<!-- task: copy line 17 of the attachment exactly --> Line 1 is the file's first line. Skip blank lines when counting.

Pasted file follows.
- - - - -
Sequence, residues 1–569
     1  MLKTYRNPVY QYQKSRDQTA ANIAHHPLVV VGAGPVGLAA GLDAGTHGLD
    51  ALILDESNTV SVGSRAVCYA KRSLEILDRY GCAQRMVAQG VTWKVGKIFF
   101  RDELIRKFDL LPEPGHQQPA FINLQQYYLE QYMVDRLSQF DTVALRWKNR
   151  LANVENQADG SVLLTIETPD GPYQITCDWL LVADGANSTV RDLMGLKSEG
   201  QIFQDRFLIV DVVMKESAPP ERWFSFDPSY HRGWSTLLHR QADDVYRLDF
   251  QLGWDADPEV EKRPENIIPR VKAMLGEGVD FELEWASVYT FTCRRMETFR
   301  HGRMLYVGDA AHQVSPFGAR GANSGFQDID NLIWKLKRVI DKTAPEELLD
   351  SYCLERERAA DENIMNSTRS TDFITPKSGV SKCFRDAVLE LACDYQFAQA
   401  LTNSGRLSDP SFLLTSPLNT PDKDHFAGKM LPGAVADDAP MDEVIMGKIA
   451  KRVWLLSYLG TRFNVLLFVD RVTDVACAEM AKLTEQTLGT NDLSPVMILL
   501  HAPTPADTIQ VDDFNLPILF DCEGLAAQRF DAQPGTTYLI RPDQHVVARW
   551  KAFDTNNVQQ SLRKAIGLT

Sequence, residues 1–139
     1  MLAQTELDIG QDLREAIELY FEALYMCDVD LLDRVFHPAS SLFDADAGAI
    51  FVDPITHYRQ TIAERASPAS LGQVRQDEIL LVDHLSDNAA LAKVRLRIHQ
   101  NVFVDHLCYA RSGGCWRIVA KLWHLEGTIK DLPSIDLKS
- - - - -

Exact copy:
   101  NVFVDHLCYA RSGGCWRIVA KLWHLEGTIK DLPSIDLKS